About his foot – toot toot toot toot’. No, even forty years later, I still want to bring a priceless Ming vase down on his head. This man is supposed to be a genius, right?
I was gently chided for my vehemence by my best mate, who told me that most people don’t even listen to the words, let alone care about them like I did. I’ve no doubt he was right, but it doesn’t matter. I can’t believe that the words of a song, the bit that makes it a song instead of an instrumental, the bits you bellow out in drunken chorus, the part that breaks your heart, are so unimportant. And I will never be able to forgive what to me is an insult to the listeners’ ears like McCartney’s lyrics there and elsewhere.
The exact opposite applies to this early Billy Bragg song, the opening track on his second album, Brewing Up with Billy Bragg. This was the pure Bragg, the hoarse-voiced, unmusical troubadour with the lone guitar, slashing and burning, spikey punky in inspiration if not quite sound, yet capable, musically at any rate, of some of the most tender and heartfelt songs ever.
Like I said, sometimes it’s all about the words.
‘St Swithin’s Day’ is a love song, a love-gone love song, sung to a former lover with whom it’s all died, but who still hopes, still cares, still wants to get back together and relive it. And it’s a song about saying no, not without regret, but a final no, because there’s nothing to go back to, and the third and final verse, each of which obey an eight line pattern, though the first two employ an extended seventh line that breaks into two on the page, especially when the latter of these employs an internal rhyme, the final verse breaks that news with the gentleness of inevitability.
It begins with Bragg thinking back to what was, as it happened, a terminal quarrel. At this distance he’s prepared to concede that it began as just a difference of opinion, as meaningless ultimately as the weather or the Battle of Agincourt. But nevertheless it was the end, of a love both hoped would last but like a train went by so fast, and left them unmoved.
That’s Bragg’s decision, though the fact of the song immediately brings into question whether he can speak for her with the same confidence. She’s still a pleasant memory on one level, as he still masturbates to thoughts of her (though Bragg puts it rather more elegantly, and better disguised, than that). But his hands aren’t the same, for he misses the thunder and the rain, the metaphors he uses to speak of being with her. And the fact that she doesn’t understand him, and by implication never will, casts a shadow over the land that was theirs: the sun is elsewhere, beyond that shade.
But there’s that third verse that is the true ending. She’s written to him, subject unknown but still easily guessed at. He won’t reply, because her honesty touches him like a fire, the fire of her retained love for him, perhaps.
And then there are the words that, every time I have ever heard them, have burned their way up my spine and set a frisson to the back on my neck, the irreversible pronouncement of death. The polaroids that hold us together will surely fade away, Bragg sings, like the love that we spoke of forever, on (pause) St Swithin’s Day.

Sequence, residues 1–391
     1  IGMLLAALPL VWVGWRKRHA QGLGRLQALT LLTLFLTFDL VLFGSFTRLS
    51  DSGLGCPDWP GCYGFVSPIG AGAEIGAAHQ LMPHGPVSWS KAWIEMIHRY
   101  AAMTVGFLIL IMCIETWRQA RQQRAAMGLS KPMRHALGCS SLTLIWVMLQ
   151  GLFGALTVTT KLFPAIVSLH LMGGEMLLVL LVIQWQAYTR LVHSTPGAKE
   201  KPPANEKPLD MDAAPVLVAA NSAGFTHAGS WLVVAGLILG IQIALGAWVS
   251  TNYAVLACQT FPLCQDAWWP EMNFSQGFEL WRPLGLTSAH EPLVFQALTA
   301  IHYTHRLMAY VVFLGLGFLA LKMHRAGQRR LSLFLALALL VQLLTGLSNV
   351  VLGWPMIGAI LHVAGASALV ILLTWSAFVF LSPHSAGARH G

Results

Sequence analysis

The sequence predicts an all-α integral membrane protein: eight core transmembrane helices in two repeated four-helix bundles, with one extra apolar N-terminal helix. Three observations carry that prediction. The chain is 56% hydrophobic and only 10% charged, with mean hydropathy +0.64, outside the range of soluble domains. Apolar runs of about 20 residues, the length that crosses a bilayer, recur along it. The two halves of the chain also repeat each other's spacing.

St Swithin’s Day when, it is popularly supposed, whether it rains or shines it is the start of forty days of constant weather. And love spoken of on that day that can only live for the same forty days.
I am in awe of that line, as I am of so many more, written and sung with a precision that goes into the heart and tears its own, fine little hole. So many ways of putting words to the feelings that pull us from pillar to post, and so many times that writers of widely differing generations have enacted those feelings in words never put together before but once divined are literally unforgettable.
So no, I can’t subscribe to the idea that lyrics are unimportant, and not listening to them, and I resent someone with McCartney’s ability spewing out idiotic rubbish when he has – or had – the inspiration to do more. God knows why he couldn’t do it any more, maybe it really was because he no longer had John Lennon to sneer at shit like that. But Billy Bragg had the Muse whispering in his ear that day, though from his voice you might not believe it. St Swithin’s Day is not a day to fall in love upon.

Some Books: Wilfrid Mellers’ ‘Twilight of the Gods’

This is an occasional series, about books I read many years ago, usually from Didsbury Library, that I seek out to re-experience, to see if the things that appealed still affect me the same way, and to measure the change in myself between then and now.
The latest of these is Twilight of the Gods – The Beatles in Retrospect by Wilfrid Mellers.
Until now, I’ve been re-reading and reviewing exclusively fiction, but Mellers, a noted and highly-respected musicologist, produced an erudite survey of the music of The Beatles – mainly as a band but also covering the first, post-split albums by each member – from the point of view of the music itself, in the same manner as he and others of his ilk, would analyse, assess, praise and explain the works of Beethoven, Bach, Mozart et al.